Adams Papers

From Abigail Smith Adams to Mary Smith Cranch, 8 June 1798

June 8th 1798 Philadelphia

My dear Sister

I received yours of June the first. I am quite delighted at the account you give of the Season and the appearence of vegetation. I was out yesterday at a Farm of Judge Peters call’d, Belmont, it is in all its Glory. I have been twice there, when I lived at Bush Hill, but he has improved both the House and Gardens since—after being six Months in a City, you can hardly conceive the delight one feels at entering a wilderness of Sweets. the Grass the Grain, the profusion of Beautiful flowers Jassamine Hyacinths & Roses, all in full Bloom climing round the windows & piazzas and porticos of the neat building, formd such a pleasing contrast to the bare brick Building and the throng of conechigo waggons, which are ranged in rows through our Street, that it appeard a mere paridice to me, the House is an ancient building with a Hall through it, like Jeffries at Milton which opens into the Garden. in front is a lawn and from the House there is a view of the Noble Hudson, and at the foot of the Hill much nearer flows the Schuylkil after walking in the Garden we returnd and found the table spread with 6 or 8 quarts of the large Hudson Strawberry, gatherd frsh from the vines with a proportionable quantity of cream wine & Sugar, our taste and Smell were both regaled, whilst ease sociability and good humour enhanced the pleasure of the repast, the Judge is an old Friend and acquaintance of the President from the first Congress & served with him as one of the Board of War. Mrs Peters has all that ease and affibility, united to good sense and fine Spirits which render her manner truly pleasing, they have a number of children, 2 Grown Son & a daughter with 3 younger. they reside in the city during the winter.

You will learn with pleasure that the Bill for culling of all intercourse with France past the Senate by 18 to 4. there are 10 Members absent most of whom I believe all, would have joind the Majority. Mr Fosters Resolutions will be taken up this day, the amount of which will be to declare our Treaty with France no longer binding, you will see them in Your papers.

Addresses increase untill the President can find Scarcly any thing new to say he has however in answer to the old Colony—

His old Friend W——n did not sign it, his son has—I received a kind of an apology in a Letter from her, “he addresses none but the Supreem Being.” but he wishes well to the Government and the Administrator of it, his Letter was that of an old Friend—

We have just got a Pamphlet from France, abusive as Thom Paines against Washington, part prose & part poetry, the very language of their party have the very words of Bache & Volney in some parts of it, but the time is past for their currency here, when I read, it I said to Louisa this is the production of that unhangd Rascal Church. You must know that there were such complaints made from Portugal of him & his conduct had been so base & enimical to his Country, that one of the first acts of the Presidents, was to displace him, this you may be sure excites all his vengance, tho he disguises it. Genll W——n used some times to give a man an office of whom he was affraid. this was the case with Goveneer Morris & Church, but it has ended as all the appointments have, which were made with a concilatory view neither Love or fear will prompt the present commander in chief to give an office to an undeserving Character knowingly. <many> some no doubt will prove unworthy of their trust people are not sufficiently on their gaurd with respect to recommendations, and by them alone can the President judge of a very great proportion of those whom he appoints to office it was Gen’ll W——n wish to make Friend’s of foes, and he aimd at converting over those who were luke warm. You did not hear at that day so much Noise of executive patronage. the Reason is evident. Lambs Services Munroes Randolph Church & Morris with many others of Similar Sentiments shared the loaves and fishes. A different conduct is now observed and wisdom taught by experience.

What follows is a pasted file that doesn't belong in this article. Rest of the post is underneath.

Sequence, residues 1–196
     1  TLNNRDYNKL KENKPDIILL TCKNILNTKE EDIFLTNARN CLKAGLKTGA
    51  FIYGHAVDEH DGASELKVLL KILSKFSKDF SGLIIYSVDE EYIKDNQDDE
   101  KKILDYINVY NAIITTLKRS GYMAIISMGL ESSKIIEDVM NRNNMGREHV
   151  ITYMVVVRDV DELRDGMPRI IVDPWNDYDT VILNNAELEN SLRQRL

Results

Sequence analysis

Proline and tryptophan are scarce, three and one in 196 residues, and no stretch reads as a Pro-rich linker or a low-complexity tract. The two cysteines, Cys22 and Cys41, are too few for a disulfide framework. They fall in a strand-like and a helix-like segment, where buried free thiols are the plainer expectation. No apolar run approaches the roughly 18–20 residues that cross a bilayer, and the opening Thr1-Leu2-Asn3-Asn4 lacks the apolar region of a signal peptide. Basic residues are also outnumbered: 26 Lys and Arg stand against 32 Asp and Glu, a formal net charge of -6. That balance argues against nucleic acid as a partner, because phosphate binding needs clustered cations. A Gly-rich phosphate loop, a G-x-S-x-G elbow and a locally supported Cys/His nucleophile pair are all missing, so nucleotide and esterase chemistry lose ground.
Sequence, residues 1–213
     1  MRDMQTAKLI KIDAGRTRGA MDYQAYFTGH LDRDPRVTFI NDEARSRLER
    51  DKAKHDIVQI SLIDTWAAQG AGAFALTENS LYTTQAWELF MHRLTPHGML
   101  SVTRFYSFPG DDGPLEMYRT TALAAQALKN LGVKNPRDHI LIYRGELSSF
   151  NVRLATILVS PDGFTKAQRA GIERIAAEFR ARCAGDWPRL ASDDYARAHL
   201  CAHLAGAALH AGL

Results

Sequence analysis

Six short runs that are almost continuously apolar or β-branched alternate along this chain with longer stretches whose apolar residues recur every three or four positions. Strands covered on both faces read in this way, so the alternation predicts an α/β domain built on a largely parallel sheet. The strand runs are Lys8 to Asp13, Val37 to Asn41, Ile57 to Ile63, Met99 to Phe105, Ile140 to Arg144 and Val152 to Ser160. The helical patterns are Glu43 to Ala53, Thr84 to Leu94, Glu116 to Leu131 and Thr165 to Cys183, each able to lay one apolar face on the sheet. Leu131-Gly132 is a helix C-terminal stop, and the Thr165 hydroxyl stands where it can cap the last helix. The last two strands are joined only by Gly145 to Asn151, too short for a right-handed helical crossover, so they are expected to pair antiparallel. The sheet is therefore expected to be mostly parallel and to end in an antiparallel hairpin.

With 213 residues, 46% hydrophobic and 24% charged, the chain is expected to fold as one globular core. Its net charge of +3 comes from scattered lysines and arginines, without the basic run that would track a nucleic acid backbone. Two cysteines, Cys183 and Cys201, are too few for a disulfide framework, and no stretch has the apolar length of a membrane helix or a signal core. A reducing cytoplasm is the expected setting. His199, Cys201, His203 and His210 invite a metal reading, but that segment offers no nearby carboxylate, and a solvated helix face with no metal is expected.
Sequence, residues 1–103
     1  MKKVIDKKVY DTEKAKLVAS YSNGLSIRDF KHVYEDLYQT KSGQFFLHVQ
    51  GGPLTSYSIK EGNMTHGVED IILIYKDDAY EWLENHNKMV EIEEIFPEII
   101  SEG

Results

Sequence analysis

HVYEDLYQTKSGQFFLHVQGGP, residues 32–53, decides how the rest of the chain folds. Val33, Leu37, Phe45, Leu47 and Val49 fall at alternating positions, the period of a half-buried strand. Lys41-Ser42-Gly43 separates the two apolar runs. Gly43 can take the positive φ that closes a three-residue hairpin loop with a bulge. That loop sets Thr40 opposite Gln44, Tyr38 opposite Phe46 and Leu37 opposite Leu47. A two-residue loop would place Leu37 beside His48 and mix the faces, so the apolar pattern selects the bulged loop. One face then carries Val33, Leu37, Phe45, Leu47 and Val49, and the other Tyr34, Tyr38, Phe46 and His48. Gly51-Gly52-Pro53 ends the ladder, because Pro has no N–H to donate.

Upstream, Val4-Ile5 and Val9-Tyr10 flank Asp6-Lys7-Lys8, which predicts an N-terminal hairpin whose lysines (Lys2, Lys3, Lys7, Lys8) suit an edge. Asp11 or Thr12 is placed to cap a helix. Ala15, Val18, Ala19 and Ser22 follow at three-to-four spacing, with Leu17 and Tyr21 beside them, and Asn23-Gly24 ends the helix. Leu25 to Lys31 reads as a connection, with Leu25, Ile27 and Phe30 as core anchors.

<I do not> Mr Johnson went from Cambridge in the vacancy to visit his parents and they have concluded that he should finish his Education at Annopolis college it is not well judged I think, and I have venturd to express such a Sentiment. I have not heard since I wrote you from Mrs Johnson or your Son.

Mrs Otis desires to be kindly rememberd to you—She is distresst for Mrs Welch & Family. She knows how to sympathize, and really does—

You must let me know how things go on, take particular care of the Letter inclosed for Dr Tufts—I have just sent a trunk on Board, <with> a vessel for Boston and hope it will not be long before I shall follow; the Rumour of yesterday ends in vapour but tho not true, I hope it will be soon Church as I conjectured, is said to be the writer of this base libelit is an abuse upon the President for his Speeches to Congress, of which you see Tallyrand says the Directory complain. Poor wretchs, I suppose they want him to cringe, but he is made of the oak instead of the willow he may be torn up by the Roots, or break, but he will never bend


A Adams


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